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HOME ECONOMICS 150 years of Canadian Hooked Rugs

Thursday, January 26, 2017 to Saturday, April 8, 2017

The exhibition is organized and circulated by the Textile Museum of Canada.

HOME ECONOMICS: 150 years of Canadian Hooked Rugs explores the evolution, creative and social dimensions of hooked rugs, a uniquely Canadian folk art.  For over 150 years, as long as Canada is old, the craft and commerce of rug hooking has been an intimate part of the lives of many Canadians.  A form of personal artistic expression, reuse and recycling, as well as a means of earning a livelihood, hooked rugs are widely recognizable expressions of community and regional identity in Canada.

HOME ECONOMICS focuses on the iconic images, stories and communities reflected in rug hooking traditions.  It draws on the rich material archives of the Textile Museum of Canada as well as public and private collections.  It explores Canadian history through the development of rug hooking in Canada with a range of real-life narratives and anecdotes.  While the exhibition includes many historic examples, dating from the late 19th and early 20th C, it also examines the active revival of rug hooking by contemporary national guilds and independent artists.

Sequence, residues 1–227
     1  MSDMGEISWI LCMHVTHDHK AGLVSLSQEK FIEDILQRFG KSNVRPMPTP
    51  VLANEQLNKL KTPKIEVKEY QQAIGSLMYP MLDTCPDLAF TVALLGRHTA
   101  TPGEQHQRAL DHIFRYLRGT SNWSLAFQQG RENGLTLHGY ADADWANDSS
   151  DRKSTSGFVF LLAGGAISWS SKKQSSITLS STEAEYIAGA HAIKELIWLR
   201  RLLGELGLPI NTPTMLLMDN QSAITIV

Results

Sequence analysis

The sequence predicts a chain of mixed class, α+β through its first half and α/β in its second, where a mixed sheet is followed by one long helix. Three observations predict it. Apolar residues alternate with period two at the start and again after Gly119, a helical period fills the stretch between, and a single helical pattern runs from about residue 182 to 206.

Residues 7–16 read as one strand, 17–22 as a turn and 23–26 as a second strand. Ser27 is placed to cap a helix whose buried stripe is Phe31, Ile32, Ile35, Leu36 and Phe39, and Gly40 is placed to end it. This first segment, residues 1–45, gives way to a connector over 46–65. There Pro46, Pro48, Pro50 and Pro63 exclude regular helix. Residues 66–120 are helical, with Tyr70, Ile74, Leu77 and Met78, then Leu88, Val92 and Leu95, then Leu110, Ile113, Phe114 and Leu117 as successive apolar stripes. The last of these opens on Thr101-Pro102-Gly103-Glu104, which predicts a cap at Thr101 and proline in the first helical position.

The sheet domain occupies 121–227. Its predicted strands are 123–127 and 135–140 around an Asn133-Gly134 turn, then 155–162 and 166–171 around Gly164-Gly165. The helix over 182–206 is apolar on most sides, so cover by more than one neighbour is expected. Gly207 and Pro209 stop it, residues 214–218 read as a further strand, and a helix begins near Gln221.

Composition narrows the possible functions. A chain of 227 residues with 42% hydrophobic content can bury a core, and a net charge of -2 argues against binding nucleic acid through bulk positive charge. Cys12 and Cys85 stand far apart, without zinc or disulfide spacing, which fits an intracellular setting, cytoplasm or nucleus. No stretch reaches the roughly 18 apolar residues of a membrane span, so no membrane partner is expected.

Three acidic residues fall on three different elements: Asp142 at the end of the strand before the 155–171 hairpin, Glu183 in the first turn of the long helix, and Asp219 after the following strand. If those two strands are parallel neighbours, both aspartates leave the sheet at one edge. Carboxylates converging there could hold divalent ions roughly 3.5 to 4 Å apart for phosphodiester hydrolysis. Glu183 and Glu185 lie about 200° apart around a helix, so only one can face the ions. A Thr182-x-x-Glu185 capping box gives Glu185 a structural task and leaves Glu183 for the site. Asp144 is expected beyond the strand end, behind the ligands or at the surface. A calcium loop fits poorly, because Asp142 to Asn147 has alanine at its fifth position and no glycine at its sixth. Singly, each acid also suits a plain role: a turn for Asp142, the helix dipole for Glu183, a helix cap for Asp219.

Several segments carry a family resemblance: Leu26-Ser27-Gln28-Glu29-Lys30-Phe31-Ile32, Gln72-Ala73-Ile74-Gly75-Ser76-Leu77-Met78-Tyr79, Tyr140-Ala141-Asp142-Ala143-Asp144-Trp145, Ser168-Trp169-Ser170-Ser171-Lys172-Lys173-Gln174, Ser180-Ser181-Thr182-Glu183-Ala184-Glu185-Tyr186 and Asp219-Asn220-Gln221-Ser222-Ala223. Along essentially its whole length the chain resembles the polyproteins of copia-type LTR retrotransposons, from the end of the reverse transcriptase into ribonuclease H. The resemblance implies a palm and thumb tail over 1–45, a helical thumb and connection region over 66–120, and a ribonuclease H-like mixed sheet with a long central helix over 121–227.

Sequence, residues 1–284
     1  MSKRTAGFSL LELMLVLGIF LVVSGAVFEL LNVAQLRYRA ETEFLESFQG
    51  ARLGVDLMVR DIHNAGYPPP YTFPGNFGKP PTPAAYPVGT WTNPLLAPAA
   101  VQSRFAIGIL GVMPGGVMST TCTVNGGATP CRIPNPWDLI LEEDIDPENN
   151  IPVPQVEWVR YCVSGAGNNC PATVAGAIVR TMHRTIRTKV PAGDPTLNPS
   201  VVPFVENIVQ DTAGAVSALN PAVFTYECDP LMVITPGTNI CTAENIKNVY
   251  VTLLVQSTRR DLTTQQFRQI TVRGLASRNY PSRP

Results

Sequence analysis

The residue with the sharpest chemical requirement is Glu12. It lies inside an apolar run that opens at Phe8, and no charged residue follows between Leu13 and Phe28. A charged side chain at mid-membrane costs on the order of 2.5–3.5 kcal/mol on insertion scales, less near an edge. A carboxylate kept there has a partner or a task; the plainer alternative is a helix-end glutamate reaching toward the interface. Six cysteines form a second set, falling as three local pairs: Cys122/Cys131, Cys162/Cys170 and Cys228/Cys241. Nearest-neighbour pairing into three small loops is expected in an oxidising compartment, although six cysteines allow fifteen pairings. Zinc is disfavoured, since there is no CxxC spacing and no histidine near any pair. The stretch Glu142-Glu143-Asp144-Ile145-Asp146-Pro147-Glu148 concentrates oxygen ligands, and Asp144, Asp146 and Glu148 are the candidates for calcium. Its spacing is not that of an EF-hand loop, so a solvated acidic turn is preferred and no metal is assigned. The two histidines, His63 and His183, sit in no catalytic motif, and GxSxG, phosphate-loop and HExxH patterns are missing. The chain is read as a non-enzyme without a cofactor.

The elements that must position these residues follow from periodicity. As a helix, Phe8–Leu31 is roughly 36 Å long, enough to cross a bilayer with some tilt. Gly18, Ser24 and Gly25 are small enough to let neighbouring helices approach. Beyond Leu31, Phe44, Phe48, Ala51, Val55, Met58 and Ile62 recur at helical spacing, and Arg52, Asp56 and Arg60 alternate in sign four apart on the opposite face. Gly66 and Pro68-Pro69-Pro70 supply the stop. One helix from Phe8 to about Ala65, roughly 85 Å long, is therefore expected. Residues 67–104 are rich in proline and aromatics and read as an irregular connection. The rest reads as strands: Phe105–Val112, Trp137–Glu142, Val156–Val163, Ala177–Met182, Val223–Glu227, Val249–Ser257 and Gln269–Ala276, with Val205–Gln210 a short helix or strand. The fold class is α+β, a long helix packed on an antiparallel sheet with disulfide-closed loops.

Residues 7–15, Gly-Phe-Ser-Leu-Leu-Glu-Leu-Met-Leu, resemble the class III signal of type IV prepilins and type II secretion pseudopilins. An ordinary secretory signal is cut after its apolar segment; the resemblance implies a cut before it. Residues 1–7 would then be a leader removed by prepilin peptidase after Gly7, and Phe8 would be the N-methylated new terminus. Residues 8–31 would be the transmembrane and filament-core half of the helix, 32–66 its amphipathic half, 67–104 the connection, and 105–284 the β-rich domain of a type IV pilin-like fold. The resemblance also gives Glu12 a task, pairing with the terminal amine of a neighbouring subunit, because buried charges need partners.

The Textile Museum of Canada would like to acknowledge the lead support of the William R. and Shirley Beatty Charitable Foundation and generous support from the Museum Assistance Program of the Department of Canadian Heritage.  The full colour exhibition catalogue is made possible through the support of Carole and Howard Tanenbaum.

Curated by Shauna McCabe, Natalia Nekrassova, Sarah Quinton and Roxane Shaughnessy.  Organized and circulated by the Textile Museum of Canada.

Image: Oval rug with dog, Ontario, early to mid 20th century, Wool, cotton, silk, burlap, hooked, braided, From the Opekar / Webster Collection, Textile Museum of Canada

Exhibition opening:  January 26, 2017 5-8pm


Nickle at Noon, Hit or Miss?  Artist Talk with Yvonne Mullock, February 2, 2017, 12-1pm

Textiles Underfoot and from the Margins of History.  A panel discussion featuring:  Michele Hardy, Mackenzie Kelly-Frère and Jennifer Salahub, moderated by Lorenzo Fusi.  Organized in conjunction with the Alberta College of Art and Design. Held in the Illingworth Kerr Gallery, ACAD.  February 9, 2017, 6pm.